Quantum mechanics postulates random outcomes. However, a model making the same output predictions but in a deterministic manner would be, in principle, experimentally indistinguishable from quantum theory. In this work we consider such models in the context of non-locality on a device independent scenario. That is, we study pairs of non-local boxes that produce their outputs deterministically. It is known that, for these boxes to be non-local, at least one of the boxes' output has to depend on the other party's input via some kind of hidden signaling. We prove that, if the deterministic mechanism is also algorithmic, there is a protocol which, with the sole knowledge of any upper bound on the time complexity of such algorithm, extracts that hidden signaling and uses it for the communication of information.

Nadish de Silva
Graph-theoretic strengths of contextuality
Cabello-Severini-Winter and Abramsky-Brandenburger/Abramsky-Hardy both describe complete classes of noncontextual inequalities using vastly differing techniques. We detail the link between them and give simple, graph-theoretic methods for finding inequality-free proofs of nonlocality/contextuality and for finding states exhibiting strong nonlocality/contextuality (as defined by AB). Finally, we apply these methods to concrete examples in stabilizer quantum mechanics relevant to understanding contextuality as a resource in quantum computation.

Robert Raussendorf
Cohomological framework for contextual quantum computations
We present a cohomological formulation of measurement-based quantum computation (MBQC), employing the notion of a phase function. The phase function describes symmetries of the resource state of the MBQC, specifies the computational output, and acts as a contextuality witness. It is also a topological object, namely a 1-cochain in group cohomology. Contextuality in the computation is revealed by non-exactness of the phase function. Furthermore, for any given MBQC the speedup is bounded by the maximum violation of a corresponding non-contextuality inequality.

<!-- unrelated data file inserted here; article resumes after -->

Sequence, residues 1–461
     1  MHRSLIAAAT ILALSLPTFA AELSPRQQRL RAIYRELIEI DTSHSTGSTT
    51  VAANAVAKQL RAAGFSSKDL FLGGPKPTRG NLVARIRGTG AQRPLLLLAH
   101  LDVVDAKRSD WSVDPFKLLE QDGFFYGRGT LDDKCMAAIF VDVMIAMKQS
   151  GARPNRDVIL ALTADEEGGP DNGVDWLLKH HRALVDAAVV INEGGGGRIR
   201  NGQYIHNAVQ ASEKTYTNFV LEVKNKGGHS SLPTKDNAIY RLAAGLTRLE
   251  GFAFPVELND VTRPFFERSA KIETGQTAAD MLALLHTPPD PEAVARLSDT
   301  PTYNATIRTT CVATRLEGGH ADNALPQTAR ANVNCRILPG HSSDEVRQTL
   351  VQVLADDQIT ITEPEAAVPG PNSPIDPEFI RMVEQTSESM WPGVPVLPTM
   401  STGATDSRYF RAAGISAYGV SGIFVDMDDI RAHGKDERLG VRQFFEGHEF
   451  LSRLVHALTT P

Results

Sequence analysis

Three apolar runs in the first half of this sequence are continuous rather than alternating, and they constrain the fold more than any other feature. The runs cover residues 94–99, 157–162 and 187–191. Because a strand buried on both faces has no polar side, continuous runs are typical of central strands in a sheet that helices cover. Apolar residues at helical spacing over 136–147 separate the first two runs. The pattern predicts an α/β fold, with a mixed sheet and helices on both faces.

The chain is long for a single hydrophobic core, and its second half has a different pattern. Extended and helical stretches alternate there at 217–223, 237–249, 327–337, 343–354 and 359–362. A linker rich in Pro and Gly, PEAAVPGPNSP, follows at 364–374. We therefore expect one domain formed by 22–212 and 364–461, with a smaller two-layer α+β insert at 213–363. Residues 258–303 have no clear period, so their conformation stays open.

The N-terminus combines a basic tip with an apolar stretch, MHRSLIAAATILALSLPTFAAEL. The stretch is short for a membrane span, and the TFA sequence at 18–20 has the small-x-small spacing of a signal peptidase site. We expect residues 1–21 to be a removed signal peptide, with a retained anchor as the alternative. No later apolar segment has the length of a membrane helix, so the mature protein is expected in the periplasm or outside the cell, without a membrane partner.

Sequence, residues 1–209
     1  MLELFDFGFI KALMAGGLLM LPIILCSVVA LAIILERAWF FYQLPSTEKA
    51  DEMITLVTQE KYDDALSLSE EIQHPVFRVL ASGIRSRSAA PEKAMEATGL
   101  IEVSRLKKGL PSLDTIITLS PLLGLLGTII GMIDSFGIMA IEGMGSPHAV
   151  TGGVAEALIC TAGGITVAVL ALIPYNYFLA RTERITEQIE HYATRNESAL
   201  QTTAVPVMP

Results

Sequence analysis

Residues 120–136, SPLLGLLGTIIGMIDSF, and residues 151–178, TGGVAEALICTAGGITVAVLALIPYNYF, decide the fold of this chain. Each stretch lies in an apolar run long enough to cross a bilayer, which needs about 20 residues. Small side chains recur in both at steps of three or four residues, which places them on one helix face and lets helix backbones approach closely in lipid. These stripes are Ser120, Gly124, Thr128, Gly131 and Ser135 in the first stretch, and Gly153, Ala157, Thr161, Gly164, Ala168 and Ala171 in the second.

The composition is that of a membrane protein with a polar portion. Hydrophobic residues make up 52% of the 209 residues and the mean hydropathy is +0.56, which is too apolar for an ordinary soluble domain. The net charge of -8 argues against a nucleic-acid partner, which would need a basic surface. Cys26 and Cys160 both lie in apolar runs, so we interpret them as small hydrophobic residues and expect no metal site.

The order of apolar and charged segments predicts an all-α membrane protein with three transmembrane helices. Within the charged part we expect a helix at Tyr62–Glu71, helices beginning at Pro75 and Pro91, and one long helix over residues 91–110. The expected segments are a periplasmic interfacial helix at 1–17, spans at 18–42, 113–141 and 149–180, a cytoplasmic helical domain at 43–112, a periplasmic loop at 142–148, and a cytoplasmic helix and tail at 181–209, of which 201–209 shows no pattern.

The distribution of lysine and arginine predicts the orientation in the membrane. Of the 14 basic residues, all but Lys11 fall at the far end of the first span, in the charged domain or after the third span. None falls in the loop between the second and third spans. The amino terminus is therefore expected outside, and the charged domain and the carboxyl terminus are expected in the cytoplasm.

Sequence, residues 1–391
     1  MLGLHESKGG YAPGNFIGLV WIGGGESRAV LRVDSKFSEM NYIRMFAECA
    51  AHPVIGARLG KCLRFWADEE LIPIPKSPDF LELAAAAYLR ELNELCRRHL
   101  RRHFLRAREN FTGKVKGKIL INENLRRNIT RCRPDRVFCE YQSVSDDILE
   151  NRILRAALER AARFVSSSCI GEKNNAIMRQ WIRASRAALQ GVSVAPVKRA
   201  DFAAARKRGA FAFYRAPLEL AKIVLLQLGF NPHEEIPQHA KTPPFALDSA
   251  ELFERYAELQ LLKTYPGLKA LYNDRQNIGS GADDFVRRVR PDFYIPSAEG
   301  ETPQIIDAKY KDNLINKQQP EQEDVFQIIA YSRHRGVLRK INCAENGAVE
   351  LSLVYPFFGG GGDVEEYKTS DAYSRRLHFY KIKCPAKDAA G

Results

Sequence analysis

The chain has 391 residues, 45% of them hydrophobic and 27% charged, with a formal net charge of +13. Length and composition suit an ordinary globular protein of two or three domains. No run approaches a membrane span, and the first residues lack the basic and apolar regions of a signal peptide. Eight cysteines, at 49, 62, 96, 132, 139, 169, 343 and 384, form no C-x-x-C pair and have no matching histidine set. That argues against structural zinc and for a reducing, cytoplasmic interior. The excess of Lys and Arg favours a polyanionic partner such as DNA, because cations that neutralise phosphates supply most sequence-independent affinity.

Dan Browne
Contextuality as a resource for qubit quantum computation
We describe a scheme of quantum computation with magic states on qubits for which contextuality is a necessary resource possessed by the magic states. More generally, we establish contextuality as a necessary resource for all schemes of quantum computation with magic states on qubits that satisfy three simple postulates. Furthermore, we identify stringent consistency conditions on such computational schemes, revealing the general structure by which negativity of Wigner functions, hardness of classical simulation of the computation, and contextuality are connected.

Matthew Pusey
Contextuality as a resource theory


A map with recommended choices for lunch can be found here. Tottenham Court Road and Charlotte Street are both resplendent with culinary choice. WiFi can be accessed through Eduroam or through UCLGuest via the event code "Contextuality".


This workshop is funded by the EPSRC and is a joint project between University College London and the University of Oxford.